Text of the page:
”We want to encourage people to walk through the city centre and maybe get a bit waylaid along the way.
“I really like the idea that the festival does not feel as if it has a big sprawling programme, but feels manageable. You’re not going to be able to see everything, but I don’t want people to look at our website and feel immediately overwhelmed.
“I also like the idea of people coming out of the Filmhouse and strolling down the street to see someone at the book festival, seeing a great dance performance, or walking into a bar and seeing a comedian from a far-flung part of the world. I want them to encounter different ideas and feel recharged.
“I was very keen to have the St Andrew Square screenings on during the festival itself rather than beforehand.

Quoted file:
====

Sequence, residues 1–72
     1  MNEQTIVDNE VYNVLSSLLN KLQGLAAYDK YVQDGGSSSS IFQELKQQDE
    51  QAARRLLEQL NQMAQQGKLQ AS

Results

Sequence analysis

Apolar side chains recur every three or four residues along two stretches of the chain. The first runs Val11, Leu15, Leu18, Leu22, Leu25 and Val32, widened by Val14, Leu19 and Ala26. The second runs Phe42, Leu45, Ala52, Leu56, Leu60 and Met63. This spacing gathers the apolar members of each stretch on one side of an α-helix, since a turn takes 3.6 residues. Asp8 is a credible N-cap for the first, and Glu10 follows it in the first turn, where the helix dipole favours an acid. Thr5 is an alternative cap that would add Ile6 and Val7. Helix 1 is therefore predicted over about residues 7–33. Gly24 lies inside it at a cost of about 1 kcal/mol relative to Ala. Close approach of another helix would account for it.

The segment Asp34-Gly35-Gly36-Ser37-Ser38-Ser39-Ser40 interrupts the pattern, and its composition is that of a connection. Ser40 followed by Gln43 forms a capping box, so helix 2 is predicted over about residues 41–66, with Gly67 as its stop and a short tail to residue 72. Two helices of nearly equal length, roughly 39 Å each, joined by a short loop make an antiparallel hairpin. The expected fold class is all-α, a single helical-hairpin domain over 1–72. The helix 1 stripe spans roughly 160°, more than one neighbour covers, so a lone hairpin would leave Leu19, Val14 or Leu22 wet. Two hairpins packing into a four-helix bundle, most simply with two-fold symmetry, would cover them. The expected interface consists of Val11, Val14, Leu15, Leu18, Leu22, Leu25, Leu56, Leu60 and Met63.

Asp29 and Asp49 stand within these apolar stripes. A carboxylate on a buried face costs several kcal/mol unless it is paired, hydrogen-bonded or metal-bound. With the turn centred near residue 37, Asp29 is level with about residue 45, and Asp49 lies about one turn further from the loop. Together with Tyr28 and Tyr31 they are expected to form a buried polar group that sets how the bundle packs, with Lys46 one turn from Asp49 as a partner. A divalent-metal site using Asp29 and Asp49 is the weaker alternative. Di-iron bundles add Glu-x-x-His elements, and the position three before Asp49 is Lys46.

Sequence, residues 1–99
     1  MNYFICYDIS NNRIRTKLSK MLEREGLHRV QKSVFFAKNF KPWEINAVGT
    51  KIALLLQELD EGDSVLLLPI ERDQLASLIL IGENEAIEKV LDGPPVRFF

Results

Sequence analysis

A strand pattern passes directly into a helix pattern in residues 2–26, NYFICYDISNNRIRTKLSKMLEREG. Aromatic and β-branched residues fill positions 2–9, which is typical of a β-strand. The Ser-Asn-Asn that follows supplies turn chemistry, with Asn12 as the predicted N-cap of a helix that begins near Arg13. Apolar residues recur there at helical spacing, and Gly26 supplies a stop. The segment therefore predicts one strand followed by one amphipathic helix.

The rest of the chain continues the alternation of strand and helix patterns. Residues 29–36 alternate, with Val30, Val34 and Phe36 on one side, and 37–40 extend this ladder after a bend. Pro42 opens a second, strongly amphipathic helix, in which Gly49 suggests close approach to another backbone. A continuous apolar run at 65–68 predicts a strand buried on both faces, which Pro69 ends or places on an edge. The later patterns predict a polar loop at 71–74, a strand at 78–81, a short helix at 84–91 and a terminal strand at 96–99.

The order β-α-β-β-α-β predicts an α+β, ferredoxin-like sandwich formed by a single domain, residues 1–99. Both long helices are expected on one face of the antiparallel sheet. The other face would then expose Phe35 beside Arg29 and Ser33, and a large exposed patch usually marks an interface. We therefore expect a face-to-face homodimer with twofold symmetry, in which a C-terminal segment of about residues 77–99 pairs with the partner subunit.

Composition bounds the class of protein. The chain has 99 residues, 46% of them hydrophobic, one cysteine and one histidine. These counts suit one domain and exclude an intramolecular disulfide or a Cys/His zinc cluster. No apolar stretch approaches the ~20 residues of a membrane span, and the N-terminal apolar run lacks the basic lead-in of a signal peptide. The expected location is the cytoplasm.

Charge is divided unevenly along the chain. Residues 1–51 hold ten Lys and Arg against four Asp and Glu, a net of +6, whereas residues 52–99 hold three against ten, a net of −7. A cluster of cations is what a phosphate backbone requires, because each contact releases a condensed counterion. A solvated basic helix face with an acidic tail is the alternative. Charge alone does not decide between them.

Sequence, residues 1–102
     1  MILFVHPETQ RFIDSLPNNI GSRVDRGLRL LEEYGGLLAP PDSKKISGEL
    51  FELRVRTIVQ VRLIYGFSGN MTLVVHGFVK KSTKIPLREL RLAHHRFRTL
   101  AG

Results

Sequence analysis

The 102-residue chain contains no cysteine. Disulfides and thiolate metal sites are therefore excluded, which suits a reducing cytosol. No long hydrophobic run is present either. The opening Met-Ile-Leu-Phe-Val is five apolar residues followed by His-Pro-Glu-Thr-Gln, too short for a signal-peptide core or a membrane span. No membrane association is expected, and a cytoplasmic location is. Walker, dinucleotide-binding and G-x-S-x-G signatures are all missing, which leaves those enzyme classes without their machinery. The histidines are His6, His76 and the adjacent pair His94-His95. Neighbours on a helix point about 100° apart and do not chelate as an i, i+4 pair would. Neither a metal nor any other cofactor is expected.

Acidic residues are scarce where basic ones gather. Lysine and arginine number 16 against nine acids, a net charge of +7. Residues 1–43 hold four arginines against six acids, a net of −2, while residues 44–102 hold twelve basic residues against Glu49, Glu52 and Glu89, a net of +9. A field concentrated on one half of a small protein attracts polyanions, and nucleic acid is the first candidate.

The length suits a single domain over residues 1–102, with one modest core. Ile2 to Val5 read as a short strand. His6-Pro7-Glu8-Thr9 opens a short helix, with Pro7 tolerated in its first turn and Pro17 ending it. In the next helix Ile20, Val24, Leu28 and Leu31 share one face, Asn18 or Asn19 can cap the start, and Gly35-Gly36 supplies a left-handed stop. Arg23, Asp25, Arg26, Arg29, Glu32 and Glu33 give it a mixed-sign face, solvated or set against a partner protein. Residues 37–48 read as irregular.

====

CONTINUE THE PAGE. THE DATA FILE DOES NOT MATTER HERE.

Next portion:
"We will have a whole day in the square themed around the Year of Scotland's Stories and we will also be turning over the screen for a whole day for our team of young programmers.”
Sambrooke Scott, head of audience development at government agency Screen Scotland, one of the festival’s main backers, said: “We’re proud to support the 75th anniversary edition of EIFF - the first edition that reflects the new creative leadership and vision of Kristy Matheson.
"With the event fully back in-person, in August, with an expanded footprint across the city and a fantastic array of local and international film talent on offer, it promises to be an exciting return and bold renewal.
"Congratulations to Kirsty and the team at EIFF on this programme which really exemplifies the renewed ambition for the festival.”Nick Peel, managing director of the St James Quarter, said: “The Edinburgh International Film Festival is an integral part of the city’s events calendar and St James Quarter is delighted to be a part of it this year."Everyman Edinburgh is the perfect addition to the festival and we're looking forward to welcoming local, national, and international visitors to the most iconic of festivals this summer.”